my clock of you seems to have stopped
I imagine you‘ve moved the furniture. erased the place.
I’ve been reading rilke about loss. he speaks of meeting the pain.
finding a place for it. inside.
what does it mean that words take so long to generate?
nothing and nothing and
then up from the belly through the chest out the throat
on to the page.
mouth wet to the page.
maybe it’s me. moving the furniture.
Ditta Baron Hoeber
Ditta Baron Hoeber is an artist and a poet. Her recent poetry publications have been in Windowcat, Contemporary American Voices, the American Journal of Poetry, the American Poetry Review, Construction Magazine, New American Writing and Per Contra along with a suite of her photographs. In 2018 she received a nomination for the Pushcart Prize. Her photographs, drawings and book works have been exhibited nationally and have been acquired by several artist book and photography collections, including those at the Philadelphia Museum of Art, the University of Pennsylvania, MOMA’s Franklin Furnace Artist Book Collection, Oberlin College and Chelsea College of Art and Design in London.
We pretend having our life,
even world’s life, always under control,
from past generations to present days.
Sometimes we feel close to that certainty,
and it is good that this should happen,
giving us some encouragement on the route.
We work with the mind and the heart,
science and desire, on outlining the future,
which we anticipate promising and happy.
Skirting around life’s corners, every so often,
we are faced with frightening facts,
perhaps echoes of ancient Greek tragedies,
poor of hope in the human renaissance.
Wars, revolutions, tyrannies and persecutions,
born on the drumming of soulless men,
have delayed landing in the promised land,
where milk and honey spur and light reigns,
preventing all evil once sown.
But we are already listening
the beating of the wings of the dove’s return,
like those of Noah, bringing in its beak
the green branch of the olive tree.
Edilson Afonso Ferreira
Edilson Afonso Ferreira, 75 years, is a Brazilian poet who writes in English rather than in Portuguese. Largely published in international journals in print and online, he began writing at age 67, after retirement as a bank employee. Nominated for The Pushcart Prize 2017, his first Poetry Collection, Lonely Sailor, One Hundred Poems, was launched in London, November 2018. He is always updating his works at www.edilsonmeloferreira.com.
this quaint little town
is seedy as fuck
behind the Jackson Park ball fields
where the women pill up
and drink Marshmallow Cokes
at the Saturday Afternoon
Little League Games
and the men get drunk
and smoke dirt weed in the dug out
at the softball games
on Saturday Night
and across the parking lots
of second tier chain restaurants
where teenage hopefuls
dip dreams into bowls of alfredo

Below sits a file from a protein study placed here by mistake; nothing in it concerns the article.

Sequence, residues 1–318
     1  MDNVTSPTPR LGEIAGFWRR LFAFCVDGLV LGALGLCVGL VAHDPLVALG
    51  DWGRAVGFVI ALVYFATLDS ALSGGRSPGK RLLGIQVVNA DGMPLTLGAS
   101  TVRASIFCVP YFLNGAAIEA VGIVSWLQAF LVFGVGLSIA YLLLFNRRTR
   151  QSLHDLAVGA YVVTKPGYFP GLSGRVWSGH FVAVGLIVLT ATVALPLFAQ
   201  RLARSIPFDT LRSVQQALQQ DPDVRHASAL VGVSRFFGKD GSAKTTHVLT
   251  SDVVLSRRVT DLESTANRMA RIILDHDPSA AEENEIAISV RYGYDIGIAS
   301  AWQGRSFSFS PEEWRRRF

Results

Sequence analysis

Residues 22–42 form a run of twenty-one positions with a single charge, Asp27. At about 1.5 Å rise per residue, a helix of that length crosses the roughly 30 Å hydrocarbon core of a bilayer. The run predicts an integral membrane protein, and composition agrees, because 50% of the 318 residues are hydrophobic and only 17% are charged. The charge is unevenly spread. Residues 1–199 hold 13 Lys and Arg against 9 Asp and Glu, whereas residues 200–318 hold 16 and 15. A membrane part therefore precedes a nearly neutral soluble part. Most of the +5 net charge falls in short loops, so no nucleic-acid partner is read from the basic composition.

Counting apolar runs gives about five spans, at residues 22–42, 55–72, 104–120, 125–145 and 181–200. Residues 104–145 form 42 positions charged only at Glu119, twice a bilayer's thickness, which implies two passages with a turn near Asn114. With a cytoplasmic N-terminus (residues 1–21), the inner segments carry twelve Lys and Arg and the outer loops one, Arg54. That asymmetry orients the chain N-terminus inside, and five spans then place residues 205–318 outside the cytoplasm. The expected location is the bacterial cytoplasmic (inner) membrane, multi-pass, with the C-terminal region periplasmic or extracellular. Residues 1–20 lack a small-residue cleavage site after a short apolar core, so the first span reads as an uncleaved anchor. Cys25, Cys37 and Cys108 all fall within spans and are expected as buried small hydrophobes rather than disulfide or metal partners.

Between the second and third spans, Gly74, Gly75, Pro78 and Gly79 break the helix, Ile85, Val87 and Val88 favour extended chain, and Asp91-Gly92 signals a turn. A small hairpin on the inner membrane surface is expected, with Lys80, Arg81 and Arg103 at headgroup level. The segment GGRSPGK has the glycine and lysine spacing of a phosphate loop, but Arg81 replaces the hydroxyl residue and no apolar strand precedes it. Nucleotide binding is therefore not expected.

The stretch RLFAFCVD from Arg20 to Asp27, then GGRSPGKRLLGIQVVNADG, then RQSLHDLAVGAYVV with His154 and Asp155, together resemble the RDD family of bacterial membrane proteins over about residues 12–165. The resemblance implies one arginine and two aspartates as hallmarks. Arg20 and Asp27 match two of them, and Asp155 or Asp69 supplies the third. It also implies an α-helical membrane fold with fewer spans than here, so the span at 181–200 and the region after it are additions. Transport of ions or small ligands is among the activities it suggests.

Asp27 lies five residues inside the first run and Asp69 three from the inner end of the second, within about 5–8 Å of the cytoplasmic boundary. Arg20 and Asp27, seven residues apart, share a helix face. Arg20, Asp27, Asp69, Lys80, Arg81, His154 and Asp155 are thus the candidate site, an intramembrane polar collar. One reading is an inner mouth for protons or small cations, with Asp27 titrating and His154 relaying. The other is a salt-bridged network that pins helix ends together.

and those who’ve lost hope
dote on their husbands
who still wonder how a fuck
led to a family
so Jack Tanner
a prominent lawyer
uses his wife
to lure other women
married or not
to impress them
by getting them drunk
and hanging things off of his penis
and the judge Davey Richards
just takes drunk girls
from bar to car
and then swerves himself home
because who really cares
it’s a joke among
The Good Ole Boys
who sit laughing at round tables
of gin games and vodka drinks
in the stag lounge of
the country club
are still not welcome
they make deals over pretzels
afraid of being anything else
and the two empty chairs
are from Walter and Frank
who need to be home with their kids
but wanted to stop by the Cozy
where the north end comes alive
and smells like ash trays and onion rings
and Bobby stabbed his cousin again
so no one can use the pool table
whatever you would use it for
as its two-dollar pints of PBR
and a buck for a shot of well whisky
until Phil gets back from an errand
with Bobby’s cousin’s wife
in the apartment next door
owned by the county treasurer
who watches behind a two way mirror
with his dick in his hand
as the bars close down
and Sunday brings the baptism of dawn
and church parking lots fill
with the faithful, the hungover, and the guilty
and baskets get passed
through toll-booth pews
of naively obedient servants
facing Pastor Best
who has lead them in prayer
and warned of the dangers
of Muslims and Homosexuals
but will get caught tonight
by his wife
writing letters to his old friend in Leeds
about the time they stuck it in each other’s ass
and called it male bonding
in the eyes of the Lord
Chad Kebrdle is an English Professor at Ancilla College and an MFA student at The Jack Kerouac School of Disembodied Poetics at Naropa University. He finds both frustration and pleasure from residing in the cornfields of Indiana, where he draws inspiration for his work.